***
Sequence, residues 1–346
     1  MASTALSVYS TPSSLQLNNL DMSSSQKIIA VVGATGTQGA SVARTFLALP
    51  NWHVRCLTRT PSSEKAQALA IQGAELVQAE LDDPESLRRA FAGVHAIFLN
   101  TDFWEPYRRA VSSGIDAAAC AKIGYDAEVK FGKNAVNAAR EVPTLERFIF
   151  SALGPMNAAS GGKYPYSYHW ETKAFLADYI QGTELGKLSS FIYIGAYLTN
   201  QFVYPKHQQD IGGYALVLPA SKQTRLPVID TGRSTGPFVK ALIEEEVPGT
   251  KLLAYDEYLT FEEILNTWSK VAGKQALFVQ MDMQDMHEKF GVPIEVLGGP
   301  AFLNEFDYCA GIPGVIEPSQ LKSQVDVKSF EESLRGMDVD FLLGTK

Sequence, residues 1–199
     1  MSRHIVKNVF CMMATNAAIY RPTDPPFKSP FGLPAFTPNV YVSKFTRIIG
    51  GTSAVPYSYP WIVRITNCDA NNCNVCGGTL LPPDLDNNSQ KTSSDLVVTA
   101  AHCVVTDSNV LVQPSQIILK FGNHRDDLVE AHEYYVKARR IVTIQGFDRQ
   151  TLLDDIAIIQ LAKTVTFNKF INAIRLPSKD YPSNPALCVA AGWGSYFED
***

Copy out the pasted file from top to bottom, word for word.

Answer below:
Sequence, residues 1–346
     1  MASTALSVYS TPSSLQLNNL DMSSSQKIIA VVGATGTQGA SVARTFLALP
    51  NWHVRCLTRT PSSEKAQALA IQGAELVQAE LDDPESLRRA FAGVHAIFLN
   101  TDFWEPYRRA VSSGIDAAAC AKIGYDAEVK FGKNAVNAAR EVPTLERFIF
   151  SALGPMNAAS GGKYPYSYHW ETKAFLADYI QGTELGKLSS FIYIGAYLTN
   201  QFVYPKHQQD IGGYALVLPA SKQTRLPVID TGRSTGPFVK ALIEEEVPGT
   251  KLLAYDEYLT FEEILNTWSK VAGKQALFVQ MDMQDMHEKF GVPIEVLGGP
   301  AFLNEFDYCA GIPGVIEPSQ LKSQVDVKSF EESLRGMDVD FLLGTK

Sequence, residues 1–199
     1  MSRHIVKNVF CMMATNAAIY RPTDPPFKSP FGLPAFTPNV YVSKFTRIIG
    51  GTSAVPYSYP WIVRITNCDA NNCNVCGGTL LPPDLDNNSQ KTSSDLVVTA
   101  AHCVVTDSNV LVQPSQIILK FGNHRDDLVE AHEYYVKARR IVTIQGFDRQ
   151  TLLDDIAIIQ LAKTVTFNKF INAIRLPSKD YPSNPALCVA AGWGSYFED